WD my suggestions for your consideration are:

1) Random Wineblings v.2 (take off of the original name)
2) Winemaking 102 (or 201)
3) 'Don"JANA"ow' or 'Don't "Jana" know' or 'dohJANAow'. Trying to say "don't yah know" using a play on the Jana brand and Scott's wife. It can be altered slightly but I think you get the idea.
4) Wooter? Winemaker? BOTH!
5) Harvey's Huffs

Possibly more to come if I ponder further.

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Collegebob


quality posts: 0 Private Messages Collegebob

Hi Scott glad to see you on wine.woot. They forgot to mention your start at Montevina back in the 70's. I have followed you since then. I know that whatever comments you make are to be believed as you are a man of integrity. Your stories about labeling reminded me of several stories by some dude's uncle Arrowood regarding his select late harvest wines and labeling problems with BATF. Like your examples it shows the ignorance of those approving our wine labels. Looking forwards to your posts. Bob Miller(former WINO Director)

ScottHarveyWines


quality posts: 157 Private Messages ScottHarveyWines

[quote postid="2925265" user="jwink"]Scott:

Can you elaborate more about your arrangement with 45 North and how you’re selling their wines?

Having been trained as a cold climate winemaker and being a Riesling nut I just can't resist making a cold climate Riesling when I get the chance. I'm also a judge at the Michigan State Wine competition. In the the case with the Finger Lakes Riesling, having the grapes shipped to Napa proved to be to expensive and also labeling requirments don't allow the wine to have a vinatge or State Appellation on the bottle if you transport grapes across more than one state line. You have to label the wine with "American." So, I decided to make the next wine at a winery in Michigan. I realized from the judging that Shawn Walters is the best new young winemaker in Michigan. He had just started with 45 North when I got to know him. So he did all the work. I went to Travers City and picked out the vineyard for the wine. From there we did everything by overnight delivery. I showed Shawn the style of wine I wanted to make. He monitored the vineyard and he when thought the grapes were ready, he overnighted them to me. I tasted the grapes the next day and ran my lab test on them and then decided on when to pull the triger to pick. The winemaking process was done much the same way. By making the wine in Michigan I could label the wine with both the vinatge date and the appellation. The New york Riesling ended up being labeled with "Lot 20NY05" and I wrote "Empire State" on the label.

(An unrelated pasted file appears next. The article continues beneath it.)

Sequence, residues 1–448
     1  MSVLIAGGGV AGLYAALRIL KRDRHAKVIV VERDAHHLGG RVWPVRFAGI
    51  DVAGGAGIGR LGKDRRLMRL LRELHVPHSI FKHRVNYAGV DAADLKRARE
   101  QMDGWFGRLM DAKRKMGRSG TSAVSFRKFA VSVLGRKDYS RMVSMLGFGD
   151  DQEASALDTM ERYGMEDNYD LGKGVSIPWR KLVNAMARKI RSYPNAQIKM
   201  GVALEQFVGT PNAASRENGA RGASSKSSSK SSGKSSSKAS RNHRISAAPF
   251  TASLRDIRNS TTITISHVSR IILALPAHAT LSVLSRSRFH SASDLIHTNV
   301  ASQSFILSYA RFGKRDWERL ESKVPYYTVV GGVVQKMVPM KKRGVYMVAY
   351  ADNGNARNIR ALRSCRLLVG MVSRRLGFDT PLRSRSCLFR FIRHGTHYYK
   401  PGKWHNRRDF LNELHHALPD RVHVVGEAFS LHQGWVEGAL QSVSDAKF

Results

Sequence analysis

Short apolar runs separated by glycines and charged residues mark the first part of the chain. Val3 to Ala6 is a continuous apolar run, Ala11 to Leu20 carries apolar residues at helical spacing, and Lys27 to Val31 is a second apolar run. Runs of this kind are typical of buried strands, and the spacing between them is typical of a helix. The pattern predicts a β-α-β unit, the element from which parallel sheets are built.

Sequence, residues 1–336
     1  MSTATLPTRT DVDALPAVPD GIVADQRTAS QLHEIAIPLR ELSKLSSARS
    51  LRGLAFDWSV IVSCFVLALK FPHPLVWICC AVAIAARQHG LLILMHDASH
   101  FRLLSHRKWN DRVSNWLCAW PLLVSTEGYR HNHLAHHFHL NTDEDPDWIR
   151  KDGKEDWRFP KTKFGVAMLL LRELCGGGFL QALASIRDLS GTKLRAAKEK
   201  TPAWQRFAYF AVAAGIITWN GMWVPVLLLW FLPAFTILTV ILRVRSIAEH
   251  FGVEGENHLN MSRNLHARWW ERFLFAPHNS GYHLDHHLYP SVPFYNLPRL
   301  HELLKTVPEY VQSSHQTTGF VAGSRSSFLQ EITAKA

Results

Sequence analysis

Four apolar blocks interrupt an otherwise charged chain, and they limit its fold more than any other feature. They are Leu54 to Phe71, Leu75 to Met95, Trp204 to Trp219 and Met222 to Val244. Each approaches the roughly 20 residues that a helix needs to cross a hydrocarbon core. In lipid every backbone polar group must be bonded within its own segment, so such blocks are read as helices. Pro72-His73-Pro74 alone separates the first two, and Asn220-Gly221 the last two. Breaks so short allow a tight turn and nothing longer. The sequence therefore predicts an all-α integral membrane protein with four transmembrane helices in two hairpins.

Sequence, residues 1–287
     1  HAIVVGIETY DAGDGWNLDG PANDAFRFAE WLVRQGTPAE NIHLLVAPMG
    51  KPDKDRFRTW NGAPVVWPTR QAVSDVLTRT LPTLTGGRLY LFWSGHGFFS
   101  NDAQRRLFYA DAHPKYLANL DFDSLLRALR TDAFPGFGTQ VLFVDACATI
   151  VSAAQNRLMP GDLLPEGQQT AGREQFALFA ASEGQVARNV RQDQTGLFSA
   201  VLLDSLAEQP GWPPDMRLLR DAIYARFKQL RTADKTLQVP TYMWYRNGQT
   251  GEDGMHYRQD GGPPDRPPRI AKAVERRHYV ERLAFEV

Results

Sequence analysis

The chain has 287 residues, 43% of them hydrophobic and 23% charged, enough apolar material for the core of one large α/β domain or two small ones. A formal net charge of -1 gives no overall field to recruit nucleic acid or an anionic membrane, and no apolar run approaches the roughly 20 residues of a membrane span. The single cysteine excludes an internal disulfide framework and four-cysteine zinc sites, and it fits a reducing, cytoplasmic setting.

If you can get some of Shawn's wines from 45 North, they are well made. His fast growing medal count attest to this as well. Last year at the National orange Show we gave his Riesling best white of show.

ScottHarveyWines


quality posts: 157 Private Messages ScottHarveyWines
Collegebob wrote:Hi Scott glad to see you on wine.woot. They forgot to mention your start at Montevina back in the 70's. I have followed you since then. I know that whatever comments you make are to be believed as you are a man of integrity. Your stories about labeling reminded me of several stories by some dude's uncle Arrowood regarding his select late harvest wines and labeling problems with BATF. Like your examples it shows the ignorance of those approving our wine labels. Looking forwards to your posts. Bob Miller(former WINO Director)




Hi Bob,
I think it was some dude's uncle Arrowood who first used the letters TBA on a bottle of late harvest wine.

cheron98


quality posts: 123 Private Messages cheron98
ScottHarveyWines wrote:Having been trained as a cold climate winemaker and being a Riesling nut I just can't resist making a cold climate Riesling when I get the chance. I'm also a judge at the Michigan State Wine competition. In the the case with the Finger Lakes Riesling, having the grapes shipped to Napa proved to be to expensive and also labeling requirments don't allow the wine to have a vinatge or State Appellation on the bottle if you transport grapes across more than one state line. You have to label the wine with "American." So, I decided to make the next wine at a winery in Michigan. I realized from the judging that Shawn Walters is the best new young winemaker in Michigan. He had just started with 45 North when I got to know him. So he did all the work. I went to Travers City and picked out the vineyard for the wine. From there we did everything by overnight delivery. I showed Shawn the style of wine I wanted to make. He monitored the vineyard and he when thought the grapes were ready, he overnighted them to me. I tasted the grapes the next day and ran my lab test on them and then decided on when to pull the triger to pick. The winemaking process was done much the same way. By making the wine in Michigan I could label the wine with both the vinatge date and the appellation. The New york Riesling ended up being labeled with "Lot 20NY05" and I wrote "Empire State" on the label.
If you can get some of Shawn's wines from 45 North, they are well made. His fast growing medal count attest to this as well. Last year at the National orange Show we gave his Riesling best white of show.



Well I clearly missed something somewhere. I smell a Detroiter road trip to 45 North

I saw HitAnyKey42 on wine.woot! and clicked "I want one!"

ScottHarveyWines


quality posts: 157 Private Messages ScottHarveyWines

Hi Bob,
I think it was Richard Arrowood who first used the letters TBA on a bottle of late harvest wine.